29 October 2008

False information and societal learning...

I was just watching The Simpsons (one of the Halloween specials) where Lisa's reading an Edgar Allan Poe and Bart comments that it's not scary.... Lisa points out that people were easier to scare back then and Bart retorts with a comment about Nightmare on Elm Street.
You know, we've all had this thought before (i'm sure) and we know that films that were banned or hated because of their controversy 20 or 30 years ago might even get a 15 age rating if released today! Now, the reason this happens is that society gets used to things; people adjust - but only if that something is experienced on a large enough scale.

People, on the whole, are less scared by specific things than they were 100 years ago because they have been experienced and/or understood. The people in England, thanks to the bombs dropped in WW2 and the terrorist bombs used by the IRA, are less scared of attack by foreign and terrorist means. All the 'anti-terrorist' government propaganda in the recent years in the US has lead from outright fear to cynicism and the response is becoming more level-headed as time goes on (not just in the US).

Thinking along these lines, if real events and false events (films, literature, propaganda etc) can positively affect a population, can games also positively affect our response to certain situations?

At the moment though i'm having a hard time thinking of a game that actually can increase our tolerance or general wisdom. Maybe it's just one more step on the road to getting gaming's 'Citizen Kane': we have the good, immersive stories, the interesting interative/gameplay mechanics.... but where are the allegories, the thought provoking and personally challenging experiences?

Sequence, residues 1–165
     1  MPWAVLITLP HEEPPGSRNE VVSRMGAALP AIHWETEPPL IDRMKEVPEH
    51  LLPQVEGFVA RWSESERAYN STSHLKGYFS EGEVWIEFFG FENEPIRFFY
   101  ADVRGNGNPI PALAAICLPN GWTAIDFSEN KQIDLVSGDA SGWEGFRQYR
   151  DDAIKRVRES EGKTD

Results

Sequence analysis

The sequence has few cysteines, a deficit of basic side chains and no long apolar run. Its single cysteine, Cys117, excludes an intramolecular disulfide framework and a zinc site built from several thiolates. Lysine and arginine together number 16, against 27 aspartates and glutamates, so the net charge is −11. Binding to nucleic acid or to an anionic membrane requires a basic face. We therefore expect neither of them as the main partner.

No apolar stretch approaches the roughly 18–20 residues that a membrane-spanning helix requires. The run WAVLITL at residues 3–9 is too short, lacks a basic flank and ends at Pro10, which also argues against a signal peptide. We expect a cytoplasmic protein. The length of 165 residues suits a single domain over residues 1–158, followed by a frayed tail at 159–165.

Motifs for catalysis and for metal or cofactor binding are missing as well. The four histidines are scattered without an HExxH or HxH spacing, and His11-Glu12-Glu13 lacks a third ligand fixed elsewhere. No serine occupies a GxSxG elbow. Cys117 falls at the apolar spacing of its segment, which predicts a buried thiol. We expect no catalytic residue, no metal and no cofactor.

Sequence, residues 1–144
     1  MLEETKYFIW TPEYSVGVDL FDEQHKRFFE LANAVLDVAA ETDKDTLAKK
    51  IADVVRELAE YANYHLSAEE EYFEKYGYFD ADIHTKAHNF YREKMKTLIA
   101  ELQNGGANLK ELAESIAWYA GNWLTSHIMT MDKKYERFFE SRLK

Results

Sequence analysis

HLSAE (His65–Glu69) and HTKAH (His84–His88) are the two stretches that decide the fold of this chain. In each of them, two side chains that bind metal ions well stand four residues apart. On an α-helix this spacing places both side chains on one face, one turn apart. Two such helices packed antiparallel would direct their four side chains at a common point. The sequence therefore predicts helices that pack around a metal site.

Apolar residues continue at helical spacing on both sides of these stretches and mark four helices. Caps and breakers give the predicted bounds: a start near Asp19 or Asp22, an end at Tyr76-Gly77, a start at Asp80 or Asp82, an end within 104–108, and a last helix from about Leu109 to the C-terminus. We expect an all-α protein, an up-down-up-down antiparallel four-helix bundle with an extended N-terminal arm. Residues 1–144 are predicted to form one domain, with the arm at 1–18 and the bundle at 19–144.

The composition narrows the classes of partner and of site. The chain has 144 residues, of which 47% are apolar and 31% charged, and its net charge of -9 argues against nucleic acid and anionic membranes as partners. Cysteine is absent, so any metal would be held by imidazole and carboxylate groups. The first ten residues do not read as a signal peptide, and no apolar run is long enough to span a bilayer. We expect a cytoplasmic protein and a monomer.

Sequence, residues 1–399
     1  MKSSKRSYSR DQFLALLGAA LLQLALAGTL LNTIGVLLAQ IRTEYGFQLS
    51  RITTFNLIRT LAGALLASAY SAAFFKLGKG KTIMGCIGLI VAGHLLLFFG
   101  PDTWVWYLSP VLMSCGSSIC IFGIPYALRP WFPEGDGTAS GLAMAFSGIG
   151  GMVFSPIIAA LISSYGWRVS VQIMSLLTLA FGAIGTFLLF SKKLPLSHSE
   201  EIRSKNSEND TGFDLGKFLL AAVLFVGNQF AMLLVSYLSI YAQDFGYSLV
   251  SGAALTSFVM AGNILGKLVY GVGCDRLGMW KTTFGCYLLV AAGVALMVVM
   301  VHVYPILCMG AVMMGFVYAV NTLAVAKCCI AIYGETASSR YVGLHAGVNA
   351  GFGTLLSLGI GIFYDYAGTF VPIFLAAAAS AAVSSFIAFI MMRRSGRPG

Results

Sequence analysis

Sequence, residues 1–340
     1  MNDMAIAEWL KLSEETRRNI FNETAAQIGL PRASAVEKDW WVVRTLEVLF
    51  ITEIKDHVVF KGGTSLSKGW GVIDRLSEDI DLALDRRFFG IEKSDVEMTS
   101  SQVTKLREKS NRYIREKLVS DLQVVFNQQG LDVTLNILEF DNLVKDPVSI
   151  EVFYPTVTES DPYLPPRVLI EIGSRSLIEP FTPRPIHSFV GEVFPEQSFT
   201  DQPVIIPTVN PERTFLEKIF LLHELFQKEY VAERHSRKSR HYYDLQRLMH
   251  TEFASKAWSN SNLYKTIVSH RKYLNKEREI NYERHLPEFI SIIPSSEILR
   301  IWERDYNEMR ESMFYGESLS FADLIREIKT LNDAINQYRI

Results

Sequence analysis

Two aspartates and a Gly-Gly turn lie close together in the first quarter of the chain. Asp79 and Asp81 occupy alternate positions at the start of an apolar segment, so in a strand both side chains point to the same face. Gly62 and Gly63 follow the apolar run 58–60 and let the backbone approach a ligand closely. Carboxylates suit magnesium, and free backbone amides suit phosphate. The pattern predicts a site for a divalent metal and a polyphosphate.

I know that some people might argue that Call of Duty 4 (and other recent games) provides this.... though i don't think the game really does. I think it provides an insightful look at the effects of war in some instances but it was so hand-holding and directed that it comes closer to what a movie can provide rather than the individual experience that a game could provide.


Erik said...

Have you played Super Columbine Massacre RPG? It's certainly not an easy game to get through, emotionally, but it may fall under the general heading you describe.

Then again, I was attending the US high school deemed "most like Columbine" at the time of the shootings.

Duoae said...


No, i never played through that one. It didn't really appeal to me so i didn't bother - though not for emotional reasons. (I'm a callous bastard!) :)

Tesh said...

How exactly does a Columbine game uplift the society as a whole? Seriously, though I could snark about it, what does that game do to be productive for society?

Games have great potential as one of the few truly interactive entertainment platforms. It's not the medium's fault that most people who use it are emotionally and morally retarded. We need designers who make uplifting and productive games because they want to, rather than trying to make teh next big moneymaker. A positive game will be fighting not only sociological inertia, but financial issues.

In other words, it's not likely to be a major mainstream release.